Oliver Rowe's Food For All Seasons

'Kevin! I am a very busy man!'
If you ever need a good reason or excuse to wrangle out of an awkward conversation, I think I have finally found the ultimate response:

'Listen, I would love to carry on talking to you but I am actually in the middle of chargrilling some courgettes right now. So I have to stop you there and get back to them.'

Admittedly, this is going to be difficult if you are standing in the street and if you've bumped into an ex or a long lost school friend; one you have absolutely nothing in common with any more (if you ever did). Although, I suppose you could always then go completely silent on them, and start to stare downwards, miming and flipping imaginary slices of squash in front of you. That would get rid of them, pretty damn tout suite.

In my case, I used it recently to bamboozle a Talk Talk 'technician' called Kevin. Who was speaking to me from India and telling me that my 'internets' was under attack and that if I didn't listen to him and do exactly what he said, then my 'internets' would be in 'terrible, terrible trouble.' I get these sort of calls all the time and if I am in the mood, I will play along with it, pretending to go through the procedure of letting Kevin actually hack into my system, before screaming - 'MY COMPUTER! YOU'VE BLOWN UP MY COMPUTER! KEVIN! WHAT HAVE YOU DONE?!' The line normally goes dead after that and Kevin disappears. For a while.

I should change my service provider really but in the meantime, at least I know that I have one more string to my bow. For fielding malicious phone calls. Chargrilled courgettes, who'd have thought, eh?

This book contains words
The reason for my urging intent to get back to my courgettes was real enough though. I was trying out a recipe from Oliver Rowe's Food For All Seasons and didn't want them to get burnt. Well, not too much anyway. I was just after those neat black lines.

Having cut his teeth at the acclaimed Moro in Exmouth Market, Oliver has been on quite journey; spending time cooking abroad, featuring in his own television series 'The Urban Chef' and opening (and sadly closing) his restaurant Konstam. As a result, his prose-rich debut reads in part as memoir, with astute observations about food and life in general, and perhaps a dash of therapy thrown in for good measure. Not that it sufferers for that. Regarding the recipes inside, the onus is obviously on seasonality, given the actual title of the book. And by and large, they are all fairly straightforward and simple; with very little 'cheffy-ness' on display. Harmony, balance and flavour, maaan, seems to be the key to Oliver's cooking. Although there are few clever nips and tucks in there. Porter ice cream is a new one on me and I quite fancy trying his braised lamb belly with oysters. As well as nibbling on some of Jansson's frestelse. If Jansson will let me.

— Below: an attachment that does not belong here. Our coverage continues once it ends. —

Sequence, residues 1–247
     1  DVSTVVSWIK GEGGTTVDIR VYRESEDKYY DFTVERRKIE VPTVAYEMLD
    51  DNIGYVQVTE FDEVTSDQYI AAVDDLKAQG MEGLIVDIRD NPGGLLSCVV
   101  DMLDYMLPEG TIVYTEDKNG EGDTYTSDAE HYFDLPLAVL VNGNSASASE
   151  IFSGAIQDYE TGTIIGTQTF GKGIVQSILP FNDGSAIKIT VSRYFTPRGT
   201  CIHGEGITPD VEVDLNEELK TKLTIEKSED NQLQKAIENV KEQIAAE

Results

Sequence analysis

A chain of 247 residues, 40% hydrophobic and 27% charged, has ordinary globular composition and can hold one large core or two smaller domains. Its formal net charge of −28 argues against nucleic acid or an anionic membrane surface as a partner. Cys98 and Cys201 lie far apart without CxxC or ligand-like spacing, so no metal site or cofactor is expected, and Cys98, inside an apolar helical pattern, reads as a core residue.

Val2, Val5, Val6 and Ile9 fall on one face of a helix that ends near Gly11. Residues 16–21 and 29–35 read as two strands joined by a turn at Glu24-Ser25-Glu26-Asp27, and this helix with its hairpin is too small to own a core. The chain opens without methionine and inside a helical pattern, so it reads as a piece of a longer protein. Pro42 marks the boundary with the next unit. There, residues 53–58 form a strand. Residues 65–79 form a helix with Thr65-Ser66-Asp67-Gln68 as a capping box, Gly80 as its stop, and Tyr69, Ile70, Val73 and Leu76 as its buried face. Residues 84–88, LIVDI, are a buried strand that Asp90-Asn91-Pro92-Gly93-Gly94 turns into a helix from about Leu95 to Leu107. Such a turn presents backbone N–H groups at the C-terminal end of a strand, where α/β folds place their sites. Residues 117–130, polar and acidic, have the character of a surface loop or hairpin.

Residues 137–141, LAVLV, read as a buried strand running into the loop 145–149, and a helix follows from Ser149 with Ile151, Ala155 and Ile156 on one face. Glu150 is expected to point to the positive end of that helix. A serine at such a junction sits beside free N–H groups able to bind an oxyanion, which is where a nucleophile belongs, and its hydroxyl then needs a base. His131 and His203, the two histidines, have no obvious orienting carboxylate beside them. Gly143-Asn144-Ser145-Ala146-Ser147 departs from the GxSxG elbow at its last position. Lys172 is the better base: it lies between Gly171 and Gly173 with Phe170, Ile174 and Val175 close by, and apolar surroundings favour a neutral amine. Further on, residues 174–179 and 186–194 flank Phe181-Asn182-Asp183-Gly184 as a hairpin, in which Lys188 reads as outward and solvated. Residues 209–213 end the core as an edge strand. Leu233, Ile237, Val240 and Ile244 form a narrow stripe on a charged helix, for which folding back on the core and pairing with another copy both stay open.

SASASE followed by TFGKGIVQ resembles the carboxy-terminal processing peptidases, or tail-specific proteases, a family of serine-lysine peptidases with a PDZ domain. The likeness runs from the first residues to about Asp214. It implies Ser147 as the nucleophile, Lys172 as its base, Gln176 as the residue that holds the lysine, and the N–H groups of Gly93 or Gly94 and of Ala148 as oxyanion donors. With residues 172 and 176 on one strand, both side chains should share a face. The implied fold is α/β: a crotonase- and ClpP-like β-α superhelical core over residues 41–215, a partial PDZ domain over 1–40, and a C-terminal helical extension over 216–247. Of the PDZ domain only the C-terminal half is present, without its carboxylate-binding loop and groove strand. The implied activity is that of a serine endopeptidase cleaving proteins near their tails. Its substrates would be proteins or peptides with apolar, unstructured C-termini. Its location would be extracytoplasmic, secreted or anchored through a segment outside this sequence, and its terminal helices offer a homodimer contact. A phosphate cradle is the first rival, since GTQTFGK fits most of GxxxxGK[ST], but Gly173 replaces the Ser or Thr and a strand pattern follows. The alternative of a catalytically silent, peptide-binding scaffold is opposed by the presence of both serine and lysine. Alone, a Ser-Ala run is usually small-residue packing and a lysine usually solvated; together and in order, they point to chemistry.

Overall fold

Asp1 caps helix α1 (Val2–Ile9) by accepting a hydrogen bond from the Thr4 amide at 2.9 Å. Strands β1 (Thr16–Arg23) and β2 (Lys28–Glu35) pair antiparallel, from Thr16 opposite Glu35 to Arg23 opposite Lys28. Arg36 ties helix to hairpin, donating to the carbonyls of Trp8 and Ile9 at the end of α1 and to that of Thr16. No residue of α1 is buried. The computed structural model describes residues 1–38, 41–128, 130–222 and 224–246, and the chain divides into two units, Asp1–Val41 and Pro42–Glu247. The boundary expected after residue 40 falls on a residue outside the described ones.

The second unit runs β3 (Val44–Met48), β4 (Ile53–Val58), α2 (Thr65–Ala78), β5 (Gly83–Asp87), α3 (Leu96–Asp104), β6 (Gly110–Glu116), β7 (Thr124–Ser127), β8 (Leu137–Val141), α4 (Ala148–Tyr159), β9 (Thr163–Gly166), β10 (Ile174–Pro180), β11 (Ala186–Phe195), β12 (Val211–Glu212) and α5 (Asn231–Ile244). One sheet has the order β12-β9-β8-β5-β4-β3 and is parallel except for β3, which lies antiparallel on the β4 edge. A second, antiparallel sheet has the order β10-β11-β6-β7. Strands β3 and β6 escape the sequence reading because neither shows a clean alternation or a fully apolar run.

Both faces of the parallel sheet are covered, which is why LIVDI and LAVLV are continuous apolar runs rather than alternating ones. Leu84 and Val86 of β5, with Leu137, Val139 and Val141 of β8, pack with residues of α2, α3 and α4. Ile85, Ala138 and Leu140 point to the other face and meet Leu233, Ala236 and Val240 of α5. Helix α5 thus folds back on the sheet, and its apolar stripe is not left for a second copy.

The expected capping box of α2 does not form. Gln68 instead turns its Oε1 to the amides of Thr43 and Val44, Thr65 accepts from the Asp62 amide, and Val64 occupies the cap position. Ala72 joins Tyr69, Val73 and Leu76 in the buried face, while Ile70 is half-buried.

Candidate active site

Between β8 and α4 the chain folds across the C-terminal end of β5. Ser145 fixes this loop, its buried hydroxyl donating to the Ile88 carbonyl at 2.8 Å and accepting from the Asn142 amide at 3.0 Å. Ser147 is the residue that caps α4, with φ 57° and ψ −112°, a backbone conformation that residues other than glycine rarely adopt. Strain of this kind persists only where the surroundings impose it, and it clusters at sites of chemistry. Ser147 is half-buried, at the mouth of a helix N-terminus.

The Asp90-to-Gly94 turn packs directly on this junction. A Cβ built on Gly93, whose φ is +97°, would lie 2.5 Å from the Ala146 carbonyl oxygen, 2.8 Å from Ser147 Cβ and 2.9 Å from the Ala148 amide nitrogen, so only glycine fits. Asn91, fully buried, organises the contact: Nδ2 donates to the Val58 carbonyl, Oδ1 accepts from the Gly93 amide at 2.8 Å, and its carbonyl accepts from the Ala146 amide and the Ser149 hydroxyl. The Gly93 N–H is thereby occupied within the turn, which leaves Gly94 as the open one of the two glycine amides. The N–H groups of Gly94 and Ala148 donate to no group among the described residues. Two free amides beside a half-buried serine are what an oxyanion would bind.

Food For All Seasons has been out for a few months now and it's been refreshing to actually read a cookbook for a change. One that is woven with proper stories. Opposed to simply gorping at styled plates, on weathered bark and paired with cutlery, all tied up in furry string.  I've spent a good while flicking through the pages, picking up and putting down frequently. A big dipper of a book in other words.

Given that Oliver's month of choice starts with October - 'Not everything starts with a bang' - you'd do well to buy a copy before it that hallowed time arrives, with a cool swoop of dead leaves and spiders, to prepare tummies for Christmas feasting.

Coming back to the courgettes for a second though, I do have kind permission from the author to reproduce it here on the blog. It's very good, especially with lamb chops. But with summer passing, if you this feel like it is already too late that sort of thing, try barking to Kevin that you are too busy making 'cinder toffee apples' or 'parsnip and apple soup with gin' instead.

Oliver's recipes will give you excuses all throughout the year.

Chargrilled courgette salad with ricotta, mint, honey and lemon dressing - serves 4

2 or 3 courgettes - more if they're small. It's nice if you can get a mixture of green and yellow.
5-6 tbsp olive oil
1 garlic clove
1 tbsp lemon juice
Zest of half a lemon
100g good ricotta
1-2 tsp honey to drizzle
25g flaked almonds
A good pinch of black onion or nigella seeds
1 small handful of mint leaves.

Scattered mint and nigella seeds

Thinly slice the courgettes lengthwise. When your charcoal or griddle pan is hot, toss the courgette slices in a tablespoon or so and season them with salt. Grill them to colour each side and remove to a bowl.

As they're cooling, crush the garlic and put it in a bowl with the lemon juice and zest. Season with salt, check the balance and then add 4 tablespoons of olive oil. A dash of muscatel vinegar is a nice addition if you have it. Check for acidity, adding a squeeze of lemon or dash of oil if needed.

Toast the almonds in the oven at 160C until light brown (about 10 minutes) or in a dry frying pan over a medium heat. Don't let them burn.

Toss the courgettes with the dressing while still warm, but not piping hot, leave to cool and serve on a platter, with the ricotta dotted over the courgettes, the honey drizzled on top, the almonds and nigella seeds sprinkled over, and the torn mint scattered.

Just add lamb (or eat by itself)


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